A(s)century is a cyberpunk Twine piece about a dystopian future in which the line between corporation and government has been wholly erased, and your job (at least initially) consists of writing ghastly corporatese copy for various advertising purposes. It’s dark satire — often very dark, with companies that offer tourist services to view the end of a species going extinct, and “therapeutic services” where people can donate to pretend to themselves that they’re doing something to help the world, even though their donations do nothing and mean nothing. Workers are interchangeable and disposable, the line between human and AI gradually erased. Creative workers are referred to as “crates” and are treated about as well as that naming might imply.
Interspersed with these visions are real quotes about capitalism, just to confirm the sense of inevitability, of this dystopia as a logical extension of the present. (Sometimes the present feels dystopic enough.) As I played I found myself thinking of some of Jim Munroe’s work (not so much his IF as Ghosts With Shit Jobs or Everyone in Silico); or Alan DeNiro’s Twine piece We are the Firewall. These worlds are all crowded with rules and entities that we don’t initially understand; in A(s)century, unfolding over the course of decades, the world is not only alien but also in constant flux. I always felt like I was a little on the back foot, not quite sure of all that was going on even as I played a character who supposedly had significant power to control the flow of events.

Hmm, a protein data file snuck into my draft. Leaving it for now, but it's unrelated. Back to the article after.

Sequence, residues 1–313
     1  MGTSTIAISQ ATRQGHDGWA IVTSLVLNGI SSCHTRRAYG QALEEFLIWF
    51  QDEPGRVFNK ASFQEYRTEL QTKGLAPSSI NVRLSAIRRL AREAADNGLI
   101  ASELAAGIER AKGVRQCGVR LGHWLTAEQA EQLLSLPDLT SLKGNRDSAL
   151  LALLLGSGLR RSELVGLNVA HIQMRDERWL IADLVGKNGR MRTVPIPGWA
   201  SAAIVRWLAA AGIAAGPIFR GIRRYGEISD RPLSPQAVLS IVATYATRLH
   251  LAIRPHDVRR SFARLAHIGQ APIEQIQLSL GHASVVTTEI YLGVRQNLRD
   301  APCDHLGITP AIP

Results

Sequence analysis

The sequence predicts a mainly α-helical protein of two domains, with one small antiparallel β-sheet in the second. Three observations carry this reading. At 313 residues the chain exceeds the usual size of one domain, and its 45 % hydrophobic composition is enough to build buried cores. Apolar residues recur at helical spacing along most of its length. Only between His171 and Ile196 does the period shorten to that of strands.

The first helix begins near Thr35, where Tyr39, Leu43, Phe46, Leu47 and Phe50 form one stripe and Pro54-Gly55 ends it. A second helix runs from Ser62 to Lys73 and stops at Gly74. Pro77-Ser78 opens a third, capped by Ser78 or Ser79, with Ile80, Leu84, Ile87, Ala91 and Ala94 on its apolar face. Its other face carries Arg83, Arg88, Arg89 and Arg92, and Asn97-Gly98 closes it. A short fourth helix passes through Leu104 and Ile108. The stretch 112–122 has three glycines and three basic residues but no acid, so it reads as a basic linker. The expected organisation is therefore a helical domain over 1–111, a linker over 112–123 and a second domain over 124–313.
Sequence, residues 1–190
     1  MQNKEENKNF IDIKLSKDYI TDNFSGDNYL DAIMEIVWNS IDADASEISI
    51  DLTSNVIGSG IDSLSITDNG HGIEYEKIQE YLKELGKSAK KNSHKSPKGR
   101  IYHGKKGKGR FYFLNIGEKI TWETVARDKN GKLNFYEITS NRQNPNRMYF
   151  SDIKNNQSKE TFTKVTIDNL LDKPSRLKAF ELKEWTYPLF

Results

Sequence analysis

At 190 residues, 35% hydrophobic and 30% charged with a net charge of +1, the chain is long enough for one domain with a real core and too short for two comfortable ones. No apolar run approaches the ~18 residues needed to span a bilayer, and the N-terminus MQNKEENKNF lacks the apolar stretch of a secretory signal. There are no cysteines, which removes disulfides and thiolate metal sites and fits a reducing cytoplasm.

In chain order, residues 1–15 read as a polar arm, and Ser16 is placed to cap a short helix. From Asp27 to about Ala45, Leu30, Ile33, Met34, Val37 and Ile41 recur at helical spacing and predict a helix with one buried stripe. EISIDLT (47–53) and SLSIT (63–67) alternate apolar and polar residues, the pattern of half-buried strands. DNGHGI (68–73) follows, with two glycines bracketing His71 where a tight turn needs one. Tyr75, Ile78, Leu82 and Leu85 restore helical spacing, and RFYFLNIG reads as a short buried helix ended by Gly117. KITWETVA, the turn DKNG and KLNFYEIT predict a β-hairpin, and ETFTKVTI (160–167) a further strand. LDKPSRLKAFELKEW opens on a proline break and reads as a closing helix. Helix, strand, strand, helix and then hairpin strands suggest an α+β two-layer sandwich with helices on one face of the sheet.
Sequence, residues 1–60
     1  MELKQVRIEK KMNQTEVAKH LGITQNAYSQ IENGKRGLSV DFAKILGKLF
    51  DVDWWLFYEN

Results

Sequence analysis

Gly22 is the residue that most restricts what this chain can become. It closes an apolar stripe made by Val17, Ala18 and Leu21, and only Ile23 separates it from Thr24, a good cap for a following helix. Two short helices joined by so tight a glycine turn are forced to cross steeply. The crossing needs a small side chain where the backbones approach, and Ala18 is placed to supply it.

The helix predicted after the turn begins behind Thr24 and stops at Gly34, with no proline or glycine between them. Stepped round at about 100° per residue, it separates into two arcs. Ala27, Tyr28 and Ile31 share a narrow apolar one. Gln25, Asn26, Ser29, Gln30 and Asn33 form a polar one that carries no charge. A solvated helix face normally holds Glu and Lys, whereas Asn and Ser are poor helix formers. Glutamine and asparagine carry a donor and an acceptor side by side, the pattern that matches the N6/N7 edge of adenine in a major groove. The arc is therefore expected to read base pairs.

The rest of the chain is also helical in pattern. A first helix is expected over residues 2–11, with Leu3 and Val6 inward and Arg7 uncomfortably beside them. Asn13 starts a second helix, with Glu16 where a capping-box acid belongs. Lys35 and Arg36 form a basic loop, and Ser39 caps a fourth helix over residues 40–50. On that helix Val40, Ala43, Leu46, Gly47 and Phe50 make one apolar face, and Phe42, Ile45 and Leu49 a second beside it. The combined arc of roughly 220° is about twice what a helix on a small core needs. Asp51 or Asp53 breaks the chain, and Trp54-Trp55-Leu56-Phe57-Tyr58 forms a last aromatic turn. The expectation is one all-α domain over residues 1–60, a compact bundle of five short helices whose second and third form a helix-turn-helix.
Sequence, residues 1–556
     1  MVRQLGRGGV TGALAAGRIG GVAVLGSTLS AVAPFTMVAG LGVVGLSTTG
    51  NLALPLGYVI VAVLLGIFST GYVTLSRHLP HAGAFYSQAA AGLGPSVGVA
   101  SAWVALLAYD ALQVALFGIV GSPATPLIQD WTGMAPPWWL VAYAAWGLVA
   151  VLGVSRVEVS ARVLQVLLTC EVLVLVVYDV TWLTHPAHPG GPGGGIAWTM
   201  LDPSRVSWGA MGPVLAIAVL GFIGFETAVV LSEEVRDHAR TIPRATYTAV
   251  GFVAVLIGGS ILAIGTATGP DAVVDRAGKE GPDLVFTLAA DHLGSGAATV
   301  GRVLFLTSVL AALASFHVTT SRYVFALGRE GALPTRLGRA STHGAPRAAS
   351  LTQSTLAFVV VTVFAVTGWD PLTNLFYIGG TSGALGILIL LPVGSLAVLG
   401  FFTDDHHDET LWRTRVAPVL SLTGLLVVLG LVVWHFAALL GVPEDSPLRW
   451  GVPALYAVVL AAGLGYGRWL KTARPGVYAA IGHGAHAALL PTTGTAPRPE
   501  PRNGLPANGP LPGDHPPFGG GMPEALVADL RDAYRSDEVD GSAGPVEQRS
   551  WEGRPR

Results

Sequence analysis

There’s a soundtrack, separately hosted on Youtube. (Click the “soundtrack” link on the first page to open this in a separate tab.) It’s stark and spare, like the all grey-scale screens.
While I enjoyed a lot of the particulars of the writing, I had a little more difficulty with navigating A(s)century as a game. You are collecting stats of various kinds as you work, and these stats clearly affect your intermediate choices (on one playthrough, some options were ruled out for me; on another playthrough, a different set were off limits) as well as the endgame. The stats are also ultimately reported to you. But it wasn’t quite clear to me along the way what qualities were being assessed or how those mattered; it felt a bit like a ChoiceScript game in which the player profile screen had been made off-limits. The alien setting added to the sense that I wasn’t in control of my fate, because I didn’t always even fully understand the stakes or the world in which I was operating. (How much AI exists when, in different points in the game? How many corporations are there, and what are their relative strengths? etc.)
So though I played through to two endings out of 5, I don’t really have strong ideas about how I might play differently to get the other three endings, and I am also not quite sure what those endings might be likely to entail or whether any of them would be better for my character than the outcomes I did get. I doubt the options include the one outcome I’d actually want — the power to dismantle this appalling society and replace it with something substantially more humane.
Nonetheless, that lack of agency feels sort of fitting under the circumstances. And the writing is peppered with bitter little seeds of humor, even to the end.